JBG: Rachel Fox is strong, even if you’re unaware of it. Most these Betsy Byotch girls are insecure, anybody that’s really mean to other people and is really hurtful and vile with their mouth and just overall spiteful, they’re obviously very insecure. It reads as very strong, but it comes from a place of their own pain and all that crap. Rachel Fox has a very strong sense about her. At her age usually girls are girls and women are women and Rachel Fox is lucky, at least I think so, because her face is… the way her bone is structured, and her cheeks, she has the semblance of a woman, which gives her a strong face. For a girl who is 12, 13, 14, she’s very mature, so it can read as very bitchy. I don’t know how much in your private life that affects you, or if you go to school and everyone thinks you’re a total snob or what. But when you look at Rachel Fox, she’s so sweet [looking at her in this moment, sweetly embarrassed would be an accurate description], she came in with a guitar and sang a song about loving yourself [Rachel starts laughing, clearly a little embarrassed]. Then if you Google her she’s got this song – I hope I’m not embarrassing you – she’s got this song about shopping, she’s like this Clueless girl. [To Rachel] That’s a 90’s reference, sorry.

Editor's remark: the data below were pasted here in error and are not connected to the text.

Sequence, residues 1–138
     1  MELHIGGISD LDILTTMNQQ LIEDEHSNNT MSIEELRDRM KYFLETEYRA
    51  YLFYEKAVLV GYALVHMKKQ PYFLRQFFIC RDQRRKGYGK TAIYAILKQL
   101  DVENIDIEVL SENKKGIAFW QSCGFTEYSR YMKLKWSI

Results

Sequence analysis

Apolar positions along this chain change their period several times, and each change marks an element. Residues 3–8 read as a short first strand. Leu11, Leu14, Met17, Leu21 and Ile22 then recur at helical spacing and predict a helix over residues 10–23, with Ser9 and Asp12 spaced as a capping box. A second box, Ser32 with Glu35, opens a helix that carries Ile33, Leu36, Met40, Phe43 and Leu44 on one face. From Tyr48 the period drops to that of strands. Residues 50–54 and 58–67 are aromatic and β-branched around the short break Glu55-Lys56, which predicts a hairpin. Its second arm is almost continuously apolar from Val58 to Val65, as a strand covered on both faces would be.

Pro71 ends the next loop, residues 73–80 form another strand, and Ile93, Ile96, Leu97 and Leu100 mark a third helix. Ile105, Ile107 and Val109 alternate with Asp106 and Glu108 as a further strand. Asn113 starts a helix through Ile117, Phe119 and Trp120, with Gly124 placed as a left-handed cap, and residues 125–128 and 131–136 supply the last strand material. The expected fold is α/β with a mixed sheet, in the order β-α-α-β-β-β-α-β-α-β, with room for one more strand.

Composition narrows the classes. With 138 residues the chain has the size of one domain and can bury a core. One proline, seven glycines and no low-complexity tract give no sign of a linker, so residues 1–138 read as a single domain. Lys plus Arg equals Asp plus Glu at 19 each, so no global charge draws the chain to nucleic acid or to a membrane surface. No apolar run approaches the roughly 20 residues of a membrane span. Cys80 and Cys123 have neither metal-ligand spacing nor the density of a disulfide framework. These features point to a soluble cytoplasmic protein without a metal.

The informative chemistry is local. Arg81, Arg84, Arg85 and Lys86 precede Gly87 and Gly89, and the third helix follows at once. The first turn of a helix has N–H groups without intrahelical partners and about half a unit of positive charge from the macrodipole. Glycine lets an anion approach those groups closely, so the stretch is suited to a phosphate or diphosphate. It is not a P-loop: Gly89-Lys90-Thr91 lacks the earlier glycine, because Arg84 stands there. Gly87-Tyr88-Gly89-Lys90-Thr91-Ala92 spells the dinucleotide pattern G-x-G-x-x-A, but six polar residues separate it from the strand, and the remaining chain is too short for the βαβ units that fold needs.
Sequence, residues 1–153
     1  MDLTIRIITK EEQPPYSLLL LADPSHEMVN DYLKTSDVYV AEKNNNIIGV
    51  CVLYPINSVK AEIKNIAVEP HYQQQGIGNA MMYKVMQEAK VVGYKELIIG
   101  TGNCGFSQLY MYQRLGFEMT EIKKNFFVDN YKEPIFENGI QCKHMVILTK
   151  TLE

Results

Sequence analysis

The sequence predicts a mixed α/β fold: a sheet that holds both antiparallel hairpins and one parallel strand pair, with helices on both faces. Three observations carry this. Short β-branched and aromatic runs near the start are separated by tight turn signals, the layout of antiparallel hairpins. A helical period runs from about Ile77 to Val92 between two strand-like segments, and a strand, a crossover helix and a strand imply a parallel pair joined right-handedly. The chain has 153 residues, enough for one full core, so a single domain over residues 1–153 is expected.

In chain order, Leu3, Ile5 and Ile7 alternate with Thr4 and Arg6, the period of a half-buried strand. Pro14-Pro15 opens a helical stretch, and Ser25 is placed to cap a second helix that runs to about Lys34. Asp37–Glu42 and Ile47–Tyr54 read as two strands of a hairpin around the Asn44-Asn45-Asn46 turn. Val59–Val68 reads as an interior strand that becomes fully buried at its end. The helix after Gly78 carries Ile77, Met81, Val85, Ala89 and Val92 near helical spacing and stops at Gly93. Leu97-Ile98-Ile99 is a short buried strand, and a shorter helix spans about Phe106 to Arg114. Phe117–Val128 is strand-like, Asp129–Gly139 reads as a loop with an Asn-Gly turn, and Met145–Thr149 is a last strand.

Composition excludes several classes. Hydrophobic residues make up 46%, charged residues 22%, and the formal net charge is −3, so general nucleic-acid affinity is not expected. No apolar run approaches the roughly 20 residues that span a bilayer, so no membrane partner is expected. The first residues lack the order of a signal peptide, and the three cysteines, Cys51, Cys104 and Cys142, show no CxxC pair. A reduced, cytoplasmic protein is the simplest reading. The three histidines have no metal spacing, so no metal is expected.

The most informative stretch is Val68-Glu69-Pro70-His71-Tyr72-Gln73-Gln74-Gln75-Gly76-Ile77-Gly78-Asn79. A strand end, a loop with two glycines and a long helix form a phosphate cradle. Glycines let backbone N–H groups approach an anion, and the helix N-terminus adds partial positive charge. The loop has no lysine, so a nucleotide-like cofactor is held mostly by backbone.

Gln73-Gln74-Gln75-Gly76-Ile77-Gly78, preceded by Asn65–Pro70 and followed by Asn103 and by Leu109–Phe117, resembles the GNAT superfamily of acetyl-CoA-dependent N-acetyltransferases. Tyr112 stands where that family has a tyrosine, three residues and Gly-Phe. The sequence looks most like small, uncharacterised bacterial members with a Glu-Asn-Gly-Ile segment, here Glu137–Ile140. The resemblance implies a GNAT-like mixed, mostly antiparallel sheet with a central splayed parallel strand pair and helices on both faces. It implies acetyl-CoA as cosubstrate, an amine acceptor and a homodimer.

RF: No, I know.
JBG: She’s like this valley girl, and she’s actually very funny and she’s very sweet, very kind. She’s very sweet to me at least, but she has this sense of strength about her whereas in the film it comes across as very bitchy evilness, which is good. Most of those girls come across as very strong, and they’re leaders, but the real reason is that they’re so insecure, that’s why they make such an effort to be a leader and be so mean. Lucky for me her strength can be perceived in this film as very bitchy. Might be why you keep getting those roles.
RF: It must be.
JBG: She’s like a little Madonna, her face is very angular, she has these strong cheekbones and your eyebrows are so beautifully pronounced over your eyes.
RF: [slightly questioning] Thank you.
JBG: She looks like a woman, but she’s 13 in the film. So when you put Rachel Fox around other 12, 13, 14 year old girls you’re like: “That’s the leaderbitch”. [Rachel and I start laughing]. She looks like the mean girl in the middle, but it’s really because she looks so mature, and so strong. I hope that doesn’t backfire on you.
RF: I hope it doesn’t either. That’s a good point.
JBG: Do you get flak at school for being a brat? Do they call you snobby girl?
RF: No, cause they know me, but like you were saying I’m just a girl with a guitar; I’m nice and happy and I don’t hurt people, I’m not mean.